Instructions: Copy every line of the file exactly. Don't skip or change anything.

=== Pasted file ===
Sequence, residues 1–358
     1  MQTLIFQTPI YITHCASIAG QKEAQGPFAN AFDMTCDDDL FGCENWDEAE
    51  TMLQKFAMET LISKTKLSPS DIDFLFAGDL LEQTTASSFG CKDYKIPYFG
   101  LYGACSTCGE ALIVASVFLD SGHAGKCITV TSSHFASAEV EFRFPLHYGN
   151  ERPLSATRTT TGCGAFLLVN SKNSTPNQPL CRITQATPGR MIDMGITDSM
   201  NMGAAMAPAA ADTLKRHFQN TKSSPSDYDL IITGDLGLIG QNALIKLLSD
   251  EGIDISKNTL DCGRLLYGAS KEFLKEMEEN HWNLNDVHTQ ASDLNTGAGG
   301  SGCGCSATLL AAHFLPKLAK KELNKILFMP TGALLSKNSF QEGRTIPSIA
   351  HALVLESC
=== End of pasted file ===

Sequence, residues 1–358
     1  MQTLIFQTPI YITHCASIAG QKEAQGPFAN AFDMTCDDDL FGCENWDEAE
    51  TMLQKFAMET LISKTKLSPS DIDFLFAGDL LEQTTASSFG CKDYKIPYFG
   101  LYGACSTCGE ALIVASVFLD SGHAGKCITV TSSHFASAEV EFRFPLHYGN
   151  ERPLSATRTT TGCGAFLLVN SKNSTPNQPL CRITQATPGR MIDMGITDSM
   201  NMGAAMAPAA ADTLKRHFQN TKSSPSDYDL IITGDLGLIG QNALIKLLSD
   251  EGIDISKNTL DCGRLLYGAS KEFLKEMEEN HWNLNDVHTQ ASDLNTGAGG
   301  SGCGCSATLL AAHFLPKLAK KELNKILFMP TGALLSKNSF QEGRTIPSIA
   351  HALVLESC